Bubble wrap is so much fun to pop! So, what if you couldn’t pop it?! This idea started out as simply as that. Is that evil? Maybe just a little…
I tried this first with large bubble wrap, and I think while it looked cool, there wouldn’t be enough bubbles per coaster. So for the second try I used much smaller bubble wrap. I think it works better for such a small casting.
I rarely make the same thing twice, so my molds are normally just cobbled together for the project. This mold is nothing more than a laminate shelf cut down to 12″ by 12″. I then cut some 1″ strips from the same material and super-glued it around the edge. Viola, a 12″ resin mold!
Next we mix up some resin. I’m using Easy Cast resin here. It is a simple 1:1 ratio. 1 ounce of each will give us a decent sized base.
Mix thoroughly. The majority of uncured resin is a result of poor mixing. There are other factors like temp and ratio, but if there is step you cannot overdo, it’s mixing.
Pour your first layer of resin into the mold
Apply some heat with a propane torch to pop the surface bubbles.
Now add your casting material and then walk away. Depending on the temp and humidity the curing process can take from a few hours to well over 24. For me, I picked this project up the next day.
The next day I mixed up more resin, just like before, but used 6 ounces total. (3 ounces of resin and 3 ounces of hardener)
Again, pour the resin and then hit the surface with heat.
I had to be very careful here with my torch as it could actually melt the plastic and pop the bubble I WANTED to keep! I’ve used a heat gun in the past, but I don’t like it as well as it tends to create waves in the epoxy an move it around too much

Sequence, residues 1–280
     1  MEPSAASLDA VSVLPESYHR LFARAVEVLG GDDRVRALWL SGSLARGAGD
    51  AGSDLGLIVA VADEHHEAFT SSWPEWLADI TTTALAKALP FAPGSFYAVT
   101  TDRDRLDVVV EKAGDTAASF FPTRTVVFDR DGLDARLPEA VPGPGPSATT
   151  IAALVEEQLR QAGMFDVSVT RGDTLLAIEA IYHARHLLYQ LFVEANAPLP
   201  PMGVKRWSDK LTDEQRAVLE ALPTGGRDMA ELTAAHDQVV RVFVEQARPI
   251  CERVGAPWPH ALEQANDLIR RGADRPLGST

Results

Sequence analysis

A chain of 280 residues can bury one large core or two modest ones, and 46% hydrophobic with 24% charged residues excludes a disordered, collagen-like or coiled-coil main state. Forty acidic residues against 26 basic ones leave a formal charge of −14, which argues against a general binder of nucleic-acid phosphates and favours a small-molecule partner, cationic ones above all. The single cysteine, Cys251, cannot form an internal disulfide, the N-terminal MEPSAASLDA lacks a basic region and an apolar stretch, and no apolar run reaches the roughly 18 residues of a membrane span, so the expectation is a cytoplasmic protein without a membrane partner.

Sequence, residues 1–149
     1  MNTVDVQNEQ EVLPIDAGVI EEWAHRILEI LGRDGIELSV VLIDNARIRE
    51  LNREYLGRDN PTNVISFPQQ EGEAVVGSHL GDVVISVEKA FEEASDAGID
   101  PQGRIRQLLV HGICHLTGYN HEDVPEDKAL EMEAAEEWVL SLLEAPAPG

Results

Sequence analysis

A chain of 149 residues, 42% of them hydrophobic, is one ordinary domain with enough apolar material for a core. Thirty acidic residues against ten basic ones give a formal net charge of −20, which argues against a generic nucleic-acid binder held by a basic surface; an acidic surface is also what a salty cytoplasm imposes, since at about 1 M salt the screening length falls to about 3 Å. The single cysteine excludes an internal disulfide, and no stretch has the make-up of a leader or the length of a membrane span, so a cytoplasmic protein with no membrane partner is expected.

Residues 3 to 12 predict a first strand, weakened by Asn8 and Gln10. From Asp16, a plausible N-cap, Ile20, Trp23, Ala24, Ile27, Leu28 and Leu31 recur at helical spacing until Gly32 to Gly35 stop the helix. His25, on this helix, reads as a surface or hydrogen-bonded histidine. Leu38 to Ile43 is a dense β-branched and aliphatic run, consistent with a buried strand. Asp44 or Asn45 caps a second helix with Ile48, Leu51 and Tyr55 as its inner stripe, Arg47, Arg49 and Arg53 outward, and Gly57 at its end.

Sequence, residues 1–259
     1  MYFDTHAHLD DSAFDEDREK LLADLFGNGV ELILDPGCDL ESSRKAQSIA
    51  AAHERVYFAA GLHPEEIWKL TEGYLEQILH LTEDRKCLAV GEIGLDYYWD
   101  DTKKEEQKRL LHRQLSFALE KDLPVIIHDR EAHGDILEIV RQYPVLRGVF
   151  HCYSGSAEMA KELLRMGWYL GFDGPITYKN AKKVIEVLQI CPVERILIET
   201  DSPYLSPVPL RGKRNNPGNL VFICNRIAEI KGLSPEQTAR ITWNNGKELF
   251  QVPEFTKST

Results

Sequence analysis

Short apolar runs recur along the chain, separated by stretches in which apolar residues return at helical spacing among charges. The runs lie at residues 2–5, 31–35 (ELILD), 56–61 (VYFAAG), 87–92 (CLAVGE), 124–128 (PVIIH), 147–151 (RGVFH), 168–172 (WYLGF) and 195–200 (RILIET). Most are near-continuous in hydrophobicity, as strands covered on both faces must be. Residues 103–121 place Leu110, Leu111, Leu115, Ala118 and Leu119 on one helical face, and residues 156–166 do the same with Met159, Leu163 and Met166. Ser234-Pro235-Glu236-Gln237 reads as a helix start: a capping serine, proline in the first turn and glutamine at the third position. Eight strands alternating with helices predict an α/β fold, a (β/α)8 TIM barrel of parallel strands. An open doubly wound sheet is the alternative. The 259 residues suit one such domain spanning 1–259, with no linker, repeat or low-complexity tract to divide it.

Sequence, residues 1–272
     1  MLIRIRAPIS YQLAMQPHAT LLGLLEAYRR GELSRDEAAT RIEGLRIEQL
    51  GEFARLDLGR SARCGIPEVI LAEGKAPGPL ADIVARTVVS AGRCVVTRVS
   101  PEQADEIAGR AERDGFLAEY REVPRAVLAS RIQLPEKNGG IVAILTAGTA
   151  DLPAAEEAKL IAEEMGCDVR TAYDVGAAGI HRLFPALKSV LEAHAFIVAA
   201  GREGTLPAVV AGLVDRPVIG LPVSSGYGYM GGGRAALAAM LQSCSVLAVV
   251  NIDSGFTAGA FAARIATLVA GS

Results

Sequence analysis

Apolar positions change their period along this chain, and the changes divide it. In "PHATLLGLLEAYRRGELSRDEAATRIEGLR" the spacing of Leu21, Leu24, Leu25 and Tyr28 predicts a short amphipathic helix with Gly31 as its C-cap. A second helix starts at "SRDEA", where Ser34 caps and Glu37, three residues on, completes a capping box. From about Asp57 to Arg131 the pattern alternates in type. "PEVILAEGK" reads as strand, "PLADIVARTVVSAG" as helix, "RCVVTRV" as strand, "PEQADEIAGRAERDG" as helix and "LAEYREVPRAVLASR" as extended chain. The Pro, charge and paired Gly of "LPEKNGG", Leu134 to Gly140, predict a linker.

After another 24 hours it was hard as a rock and ready to be removed from the mold. The mold was broken apart with just some prying and the casting freed. I think my final thickness was around 1/4″ thick or so.
Next I taped off the sheet into quarters and used a coaster I liked for a template. (I think it was about 4″ square)
Once I had sketched a pencil line around each area it was off to the band saw.
If you love your band saw, or don’t like cleaning your band saw blades, you might not want to do this… (you’ve been warned) Cut to the line, but not on it. The resin can be brittle and will tend to break apart. If you get too close you could have a fracture that crosses your line. Sanding will take longer, but it is less risky,
Lastly I took the coaster to the disk sander and sanded them to the pencil line.
Here is were things took an unexpected turn. The bottom of the coasters de-laminated and the bubble wrap came free. May folks have said that bubble wrap is made of cellophane and apparently epoxy will not stick to it. I had no idea that would happen. I presumed that with all the cavities and wrinkles there would have been more than enough surface area for adhesion.
As it happens, it was a good thing. I think they have a much cooler look and texture to them as they are, rather than how I envisioned them!
This project is very simple and you don’t need a ton of tools to complete it. Skip the large sheet and instead use 4″ coaster molds.
Clear Epoxy Resin: http://amzn.to/1T0w5FE
Coaster Molds: http://amzn.to/1T0wwQj
Mixing cups & stir sticks: http://amzn.to/24lvstM
Rubber Gloves: http://amzn.to/1T0wIyZ